You may have thrilled to Alan Moore's cross-over caper and laughed atthe dark doing in Royston Vasey, but now meet the movie where they pilfered their monkers from!
It's 1960 and London is still suffering the gloom of the the post war period and is still years away from transforming its colourful swinging late '60s self. And across the capital, a band of ex-military men who have strayed from the straight and narrow each recieve a mysterious invitation...
The League of Gentlemen is a quintessential British heist/caper movie which delivers plenty of thrills and a good many laughs along the way. It's one of those movies which will pertpetually enjoys a Sunday afternoon slot on TV. Indeed it was in such a slot, where I first encountered it one rainy afternoon many moons ago. Naturally this film with it's intriguing tale of a motely crew of military men attempting to outfox the forces of law and order made a big impression at the time - for a growing lad a film that delivered a cops and robbers yarn where the robbers were soldiers was a dream ticket.
And I'm pleased to say that the movie still holds up today. But interestingly watching it now reveals The League of Gentlemen to have a good deal more going on than just crime capers. There's a very strong social commentary unpinning the hijinx of which my younger self was completely unaware.
To begin with one of the characters Captain Stevens (played by Kieron Moore) is obviously gay and is being being blackmailed. At this time homosexuality was still illegal in Britain, and such blackmail was all too common. Nor is Stevens alone, another of gang, Captain "Padre" Mycroft (Roger Livesey) has "gross indecency in a public place" on his CV which maybe a reference to cottaging, and Nigel Patrick's debonair but disgraced Major Peter Race, who refers to other chaps as 'old darling' and has been living at YMCA, may well be gay also. What's remarkable though is the matter of fact way the film deals with this; it offers no moral judgements and furthermore these characters are presented sympathetically as likeable fellows and played with the usual limp wristed camp and effeminacy that was typical in this period. (Interestingly the film does feature this queer stereotype in one scene which features an early and uncredited appearance by a young Oliver Reed who camps it up to the nines).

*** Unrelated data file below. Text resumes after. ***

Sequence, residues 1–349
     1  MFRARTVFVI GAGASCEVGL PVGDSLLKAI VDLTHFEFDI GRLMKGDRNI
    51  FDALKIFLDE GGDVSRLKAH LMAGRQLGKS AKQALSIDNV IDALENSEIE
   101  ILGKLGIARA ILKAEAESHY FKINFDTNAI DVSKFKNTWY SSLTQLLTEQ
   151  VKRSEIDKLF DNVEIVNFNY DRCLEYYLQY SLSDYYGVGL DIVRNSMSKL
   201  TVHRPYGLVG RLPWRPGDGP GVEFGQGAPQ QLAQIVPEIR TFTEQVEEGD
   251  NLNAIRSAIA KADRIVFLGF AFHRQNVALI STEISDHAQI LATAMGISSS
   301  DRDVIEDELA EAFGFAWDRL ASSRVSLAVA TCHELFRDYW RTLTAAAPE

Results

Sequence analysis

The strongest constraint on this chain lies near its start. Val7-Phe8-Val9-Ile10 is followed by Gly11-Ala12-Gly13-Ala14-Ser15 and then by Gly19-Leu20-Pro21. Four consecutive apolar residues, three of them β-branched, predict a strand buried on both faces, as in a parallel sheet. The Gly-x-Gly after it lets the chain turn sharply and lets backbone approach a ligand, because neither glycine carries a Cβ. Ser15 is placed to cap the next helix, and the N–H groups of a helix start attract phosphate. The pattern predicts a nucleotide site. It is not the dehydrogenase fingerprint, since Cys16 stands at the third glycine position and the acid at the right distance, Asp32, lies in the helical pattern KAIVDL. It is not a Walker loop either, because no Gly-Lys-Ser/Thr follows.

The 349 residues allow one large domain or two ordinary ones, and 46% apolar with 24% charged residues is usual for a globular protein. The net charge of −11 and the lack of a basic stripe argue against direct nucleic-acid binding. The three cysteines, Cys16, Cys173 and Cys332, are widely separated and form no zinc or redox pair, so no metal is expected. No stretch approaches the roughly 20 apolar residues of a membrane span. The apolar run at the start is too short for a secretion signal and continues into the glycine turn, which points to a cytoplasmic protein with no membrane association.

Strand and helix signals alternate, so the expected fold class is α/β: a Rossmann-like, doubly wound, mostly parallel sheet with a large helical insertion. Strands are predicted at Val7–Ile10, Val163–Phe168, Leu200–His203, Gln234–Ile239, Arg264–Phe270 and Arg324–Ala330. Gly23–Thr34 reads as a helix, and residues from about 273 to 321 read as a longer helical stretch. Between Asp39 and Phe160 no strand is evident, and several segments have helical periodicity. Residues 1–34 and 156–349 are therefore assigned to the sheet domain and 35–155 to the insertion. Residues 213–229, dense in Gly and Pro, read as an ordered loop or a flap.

Also it is worth noting the reasons why Lieutenant-Colonel Norman Hyde (Jack Hawkins) puts together the plan for the heist. Here is a man who had served his country in war-time only to find the post-war years have left him unvalued and disillustioned about the land and the society he fought for. In many ways, the gang he assembles, with their diverse reasons for leaving the straight and narrow, shines a spotlight into the shadows of 1950s British society.
It is such elements coupled with a cracking story and a brilliant ensemble cast that really elevate The League of Gentlemen. It wonderfully evokes it's time and delivers an exciting adventure with humour and suspense. There are some marvellous comic scenes and director Basil Dearden wisely keeps us in the dark as to what the plan for the robbery actually is until it occurs on screen. It's a textbook example of how to mix humour and action and obviously influenced a great many later works, such as the The Italian Job.
In short, it's a classic slice of British cinema, packed with wit and intelligence and well worth checking out.